Issue Date: March 14, 2011
Stem Cell Surge
Stem cell research has undergone near-revolutionary change in recent years. A major roadblock on use of the cells was lifted in 2007 with the identification of induced pluripotent stem cells (iPSCs), which are derived from adult cells as opposed to human embryos. And in the resultant ramp-up in research activity, the use of stem cells as drug discovery tools has emerged alongside their use in developing therapies.
Drug discovery is now a primary focus, given that stem-cell-derived tissues are ready to be harnessed for drug toxicity and other tests on human cells at preclinical stages of development. Regenerative therapies based on stem cells, on the other hand, remain farther out on the horizon. Most major drug companies are involved in both areas of research.
Amid the burgeoning activity, a company launched in 2004 by James A. Thomson, a pioneer in both iPSCs and human embryonic stem cells at the University of Wisconsin, Madison, is positioning itself as a major player in supplying terminal cardiomyocytes—fully formed human heart cells that are derived from iPSCs. The company, Cellular Dynamics International, launched industrial-scale production of its iCell cardiomyocytes in December 2009 after years of work on characterizing cells with customers including Roche, Pfizer, and GlaxoSmithKline.
The cells, which exhibit the electrophysiological and biochemical properties of normal human heart cells, provide researchers with a more accurate model for discovery than nonhuman cells, such as Chinese hamster ovary cells, according to CDI. More important, says Chris Parker, CDI’s chief commercial officer, the company can now produce billions of terminal cardiomyocyte cells daily. CDI, he claims, is at the forefront of an emerging pharmaceutical services sector.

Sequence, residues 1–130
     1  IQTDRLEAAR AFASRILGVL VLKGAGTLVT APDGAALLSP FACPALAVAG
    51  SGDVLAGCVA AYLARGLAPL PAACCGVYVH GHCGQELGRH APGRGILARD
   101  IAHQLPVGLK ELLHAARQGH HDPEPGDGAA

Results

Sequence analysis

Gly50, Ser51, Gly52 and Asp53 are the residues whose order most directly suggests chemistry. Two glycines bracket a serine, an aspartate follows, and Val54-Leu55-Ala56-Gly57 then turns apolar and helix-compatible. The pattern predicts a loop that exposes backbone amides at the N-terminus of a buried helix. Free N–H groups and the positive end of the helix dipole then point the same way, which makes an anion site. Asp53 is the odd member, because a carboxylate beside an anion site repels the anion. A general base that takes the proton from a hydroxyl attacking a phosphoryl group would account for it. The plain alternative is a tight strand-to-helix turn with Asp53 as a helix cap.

To manufacture iPSCs, CDI takes human samples, such as skin, blood, or hair, and adds plasmids containing reprogramming genes that induce stem cell transformation. The plasmids regulate gene activity but do not integrate with the genome itself. After about four weeks, isolated iPSCs multiply under cell culture conditions. Cell differentiation is then directed into specific cell lineages, including cardiomyocytes, hematopoietic (or blood-generating) cells, and neurons.
CDI, which has received approximately $70 million in funding from Tactics II Stem Cell Ventures, a Northbrook, Ill., venture capital fund, plans to expand production of cardiomyocytes this year. It also plans to launch iPSC-derived hepatocytes (human blood cells) as well as neurons and endothelial cells as products this year.
“This is the first time these cells have been available to a broad market,” Parker claims. CDI supplies drug companies and biotech firms as well as academic labs. “In a lot of ways it’s analogous to the microarrays industry,” Parker says. “In the early days, the drug companies made their own. When a company like Affymetrix came along that could actually manufacture them, drug researchers could stop making them.”
With the availability of high-quality third-party stem cells, pharmaceutical firms are beginning to explore their potential in drug discovery. They are doing so in concert with suppliers such as CDI and Cellartis, a Swedish company that specializes in hepatocytes.
GSK is working with CDI on stem-cell-derived cardiomyocytes in drug discovery, according to Jason Gardner, head of the drug company’s newly launched stem cell discovery performance unit. In particular, GSK is exploring the use of cardiomyocytes for toxicity screening and for identifying targets for cardiac drug discovery, Gardner says.